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Image from page 21 of "Perils of the deep : being an account of some of the remarkable shipwrecks and disasters at sea during the last hundred years" (1885) | by Internet Archive Book Images
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Image from page 21 of "Perils of the deep : being an account of some of the remarkable shipwrecks and disasters at sea during the last hundred years" (1885)

Identifier: perilsofdeepbein00hoar

Title: Perils of the deep : being an account of some of the remarkable shipwrecks and disasters at sea during the last hundred years

Year: 1885 (1880s)

Authors: Hoare, Edward N

Subjects: Shipwrecks

Publisher: London : Society for Promoting Christian Knowledge

Contributing Library: Robarts - University of Toronto

Digitizing Sponsor: University of Toronto

 

 

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prons—Tailoring extraordinary—Boat-building underdifficulties—Rescued after a year and ten months—Regretsat leaving ! The Aventure—Landing to procure water—The vessel wrecked—A snow-clad scene—Bird messengers—Constructing a boat—A fortnight of suspense. TheCape Packet—Eighteen months of imprisonment 319 CHAPTER IV. NATIVE HOSPITALITY. The St. Paul—A terrible banquet. The Alceste—An ambassador in danger—Despatch of boats to Batavia—Digging for water—Malay pirates—Plundering thewreck—A critical position—The look-out in the tree-top—The Ternate—Coolness and discipline. The Nisero—The first scare— Mountainous waves —Running ashore—Leaving the ship—John Chinaman interprets—Airy ac-commodation—Sufferings of the captives—Tedious nego-tiations—An escape attempted—Letters and supplies—The first death—Others follow—The graveyard—A wearymarch — Paying down the cash — On board H.M.S.Pegasus after ten months of captivity 355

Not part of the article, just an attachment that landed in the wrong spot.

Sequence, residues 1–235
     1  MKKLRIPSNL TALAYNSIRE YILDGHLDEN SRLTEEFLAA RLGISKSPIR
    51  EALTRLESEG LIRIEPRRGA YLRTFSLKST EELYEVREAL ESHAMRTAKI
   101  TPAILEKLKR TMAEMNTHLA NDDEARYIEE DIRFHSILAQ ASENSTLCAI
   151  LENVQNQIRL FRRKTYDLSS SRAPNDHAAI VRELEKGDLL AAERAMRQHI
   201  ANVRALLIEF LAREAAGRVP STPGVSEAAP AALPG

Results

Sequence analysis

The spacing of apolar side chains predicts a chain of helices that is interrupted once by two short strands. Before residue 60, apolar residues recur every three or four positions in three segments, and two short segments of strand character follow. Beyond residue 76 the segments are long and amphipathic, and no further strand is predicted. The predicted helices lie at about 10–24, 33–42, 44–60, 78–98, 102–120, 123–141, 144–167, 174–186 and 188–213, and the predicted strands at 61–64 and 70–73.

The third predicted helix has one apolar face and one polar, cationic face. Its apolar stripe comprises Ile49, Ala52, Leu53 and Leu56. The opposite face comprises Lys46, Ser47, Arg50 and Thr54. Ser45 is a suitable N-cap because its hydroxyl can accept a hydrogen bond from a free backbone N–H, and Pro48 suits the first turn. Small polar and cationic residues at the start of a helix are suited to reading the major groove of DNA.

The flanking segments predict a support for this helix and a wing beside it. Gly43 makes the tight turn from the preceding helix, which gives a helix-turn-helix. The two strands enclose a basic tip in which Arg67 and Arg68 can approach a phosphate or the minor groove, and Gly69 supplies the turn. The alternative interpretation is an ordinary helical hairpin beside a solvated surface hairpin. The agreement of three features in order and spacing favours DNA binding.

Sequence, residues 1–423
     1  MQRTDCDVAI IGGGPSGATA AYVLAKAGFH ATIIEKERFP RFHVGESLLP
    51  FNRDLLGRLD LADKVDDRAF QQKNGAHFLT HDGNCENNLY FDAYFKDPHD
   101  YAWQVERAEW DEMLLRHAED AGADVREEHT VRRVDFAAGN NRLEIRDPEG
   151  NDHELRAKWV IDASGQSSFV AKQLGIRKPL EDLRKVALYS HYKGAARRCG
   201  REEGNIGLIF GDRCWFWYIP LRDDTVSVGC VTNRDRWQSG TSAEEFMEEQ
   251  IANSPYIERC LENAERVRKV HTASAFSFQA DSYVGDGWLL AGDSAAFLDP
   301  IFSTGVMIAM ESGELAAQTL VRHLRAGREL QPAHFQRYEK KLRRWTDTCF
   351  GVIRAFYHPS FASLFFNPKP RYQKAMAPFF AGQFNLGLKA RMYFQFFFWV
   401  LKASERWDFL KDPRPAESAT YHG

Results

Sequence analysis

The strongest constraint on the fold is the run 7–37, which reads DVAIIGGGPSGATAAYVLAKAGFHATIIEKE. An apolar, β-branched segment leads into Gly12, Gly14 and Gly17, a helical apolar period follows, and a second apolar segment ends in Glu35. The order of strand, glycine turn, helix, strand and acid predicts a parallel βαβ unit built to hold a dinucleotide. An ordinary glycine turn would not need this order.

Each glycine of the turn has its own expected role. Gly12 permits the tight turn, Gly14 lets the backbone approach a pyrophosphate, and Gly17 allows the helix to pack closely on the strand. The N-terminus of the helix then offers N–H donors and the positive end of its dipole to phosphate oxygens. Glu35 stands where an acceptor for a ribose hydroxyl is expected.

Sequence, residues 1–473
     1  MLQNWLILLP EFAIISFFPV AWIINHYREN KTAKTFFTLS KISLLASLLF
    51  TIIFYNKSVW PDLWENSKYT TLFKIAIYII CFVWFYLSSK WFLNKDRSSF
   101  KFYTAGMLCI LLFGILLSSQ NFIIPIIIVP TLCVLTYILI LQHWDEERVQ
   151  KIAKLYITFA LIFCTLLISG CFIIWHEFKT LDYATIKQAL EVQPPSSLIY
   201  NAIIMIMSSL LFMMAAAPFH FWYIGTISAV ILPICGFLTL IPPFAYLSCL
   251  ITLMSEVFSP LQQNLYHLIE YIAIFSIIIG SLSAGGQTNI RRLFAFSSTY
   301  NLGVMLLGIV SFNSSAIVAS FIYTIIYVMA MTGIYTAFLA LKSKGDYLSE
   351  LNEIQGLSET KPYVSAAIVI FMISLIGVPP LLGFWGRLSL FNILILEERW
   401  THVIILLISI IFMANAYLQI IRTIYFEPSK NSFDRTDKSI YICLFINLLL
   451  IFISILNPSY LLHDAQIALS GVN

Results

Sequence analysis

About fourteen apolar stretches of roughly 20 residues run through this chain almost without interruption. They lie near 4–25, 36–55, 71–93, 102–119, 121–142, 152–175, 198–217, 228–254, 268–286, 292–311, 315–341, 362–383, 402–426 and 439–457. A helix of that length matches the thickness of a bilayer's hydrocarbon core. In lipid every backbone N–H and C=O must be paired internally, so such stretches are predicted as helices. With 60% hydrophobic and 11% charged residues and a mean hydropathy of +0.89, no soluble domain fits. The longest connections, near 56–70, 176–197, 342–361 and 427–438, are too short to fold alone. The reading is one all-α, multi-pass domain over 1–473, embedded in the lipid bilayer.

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Lhs. Soacty forIrurwUng ChH$tzanJ&lc PERILS OF THE DEEP. PART I.CHAPTER I. FIRES. THE cry of Fire is ever a startling one. Withwhat sudden terror does it rouse the slumbererat midnight ? with what panic horror does it thrillthe crowd packed close together, it may be in somescene of amusement or revelry ? But most unutter-ably awful must be the warning shout when heard atsea! Here every circumstance of danger and horroris intensified. A ship is necessarily composed of themost inflammable materials, and once the flames takehold upon her, they seldom relax their grasp till, toovictorious, they are finally overwhelmed in the hostileelement, when the burnt-out skeleton sinks hissinginto darkness ! What a situation must it be to standa bewildered, awe-struck spectator of that last conflictbetween the opposing elements—to have to choosebetween the burning gulf that is opening at onesfeet and the cruel waters that rage and swell in thelurid glare, for a place of sepulture i 16 PERILS OFperilsofdeepbein00hoar

 

 

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